CUNA Community CU & Growth Conference
Teri Robinson

Faith in Serving the Underserved

Don't believe the hype that members with spotless credit will bring you prosperity, CEO says.

October 10, 2013

Teri Robinson

For those credit unions that have been led to believe the path to prosperity lies in focusing only on members with spotless credit, Teri Robinson has a message for you:

Don’t believe the hype.

In engineering a stunning turnaround of Pacific Northwest Ironworkers Federal Credit Union, the CEO of the $10.6 million asset institution in Portland, Ore., placed her faith in a variety of tools designed to serve underserved consumers and those with marginal credit histories.

She was rewarded mightily.

“The NCUA has us thinking, only lend to A, A+ borrowers. That’s not true,” Robinson told a Community Credit Union & Growth Conference breakout session.

Hit hard by the recession, Pacific Ironworkers Federal fell into the net worth restoration program, bottoming out at 4.8% in January 2010. Examiners focused on four areas, according to Robinson: risky borrowers, higher than peer loan yield, higher than peer income, and higher than peer operating expenses.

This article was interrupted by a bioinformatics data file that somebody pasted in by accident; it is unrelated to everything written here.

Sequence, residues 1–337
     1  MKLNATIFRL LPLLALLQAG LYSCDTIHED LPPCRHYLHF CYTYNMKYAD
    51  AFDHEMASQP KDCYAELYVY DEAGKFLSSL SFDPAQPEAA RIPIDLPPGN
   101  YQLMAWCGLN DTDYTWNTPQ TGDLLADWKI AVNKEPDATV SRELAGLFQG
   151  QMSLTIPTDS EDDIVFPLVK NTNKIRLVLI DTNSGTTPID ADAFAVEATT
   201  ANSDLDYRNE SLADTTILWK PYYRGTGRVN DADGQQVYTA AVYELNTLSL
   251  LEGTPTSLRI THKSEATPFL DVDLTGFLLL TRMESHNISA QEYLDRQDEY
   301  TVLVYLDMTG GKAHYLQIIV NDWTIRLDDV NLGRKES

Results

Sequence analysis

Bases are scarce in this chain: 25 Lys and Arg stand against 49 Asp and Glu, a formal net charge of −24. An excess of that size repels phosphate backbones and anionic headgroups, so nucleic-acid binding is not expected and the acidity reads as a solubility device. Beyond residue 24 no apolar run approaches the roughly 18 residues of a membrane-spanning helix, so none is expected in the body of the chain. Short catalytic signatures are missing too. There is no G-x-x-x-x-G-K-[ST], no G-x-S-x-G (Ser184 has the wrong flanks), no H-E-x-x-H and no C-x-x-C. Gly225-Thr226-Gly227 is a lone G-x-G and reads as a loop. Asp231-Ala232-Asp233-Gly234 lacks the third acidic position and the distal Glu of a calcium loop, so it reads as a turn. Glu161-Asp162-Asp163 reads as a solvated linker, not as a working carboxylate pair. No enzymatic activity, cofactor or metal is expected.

Her curiosity piqued, Robinson analyzed her books and made a surprising discovery: Pacific Ironworkers Federal attributed 80% of charge-offs in 2011—and 60% the following year--to members with A+ to B ratings.

“I wasn’t losing it on the riskier members – I was losing it on the members who could chase rates,” she said.

Pacific Ironworkers Federal’s most loyal members constituted that at-risk segment, Robinson said. She decided to earn back their business from predatory lenders, who were charging members an average annual percentage rate (APR) of 29% compared with 16% for the credit union’s average D-rated borrower; some even qualified for a C rating and an 8.75% APR loan.

By mining credit reports, Pacific Ironworkers Federal identified loan conversion candidates. Again, the results might be surprising: Robinson cited a school teacher who makes $70,000 annually as a regular payday loan user.

“I figured, if they’ve been making that payment at 36% for 12 months, why not get that loan over here by me?” Robinson said.

In April 2011, Pacific Ironworkers Federal obtained a Community Development Financial Institution designation, creating regulatory flexibility. An infusion of secondary capital boosted the credit union’s net worth from 6.61% in January 2012 to 8.2% as of August 2013. Pacific Ironworkers Federal’s loan growth increased 35% in 2013, hitting $10.5 million.

This year, Pacific Ironworkers Federal granted 47% of its loans to C-, D-, and E-rated borrowers, had a loan yield of 8% and increased its portfolio by $5.7 million. It boasts a 1% delinquency rate, and a 101% loan-to-share ratio.

The National Federation of Community Development Credit Unions considers a lot of theories, says Blake Myers, a Federation consultant. “But it’s people like her on the ground that prove it can happen. She’s created a fair product that also works out very well for the credit union.”

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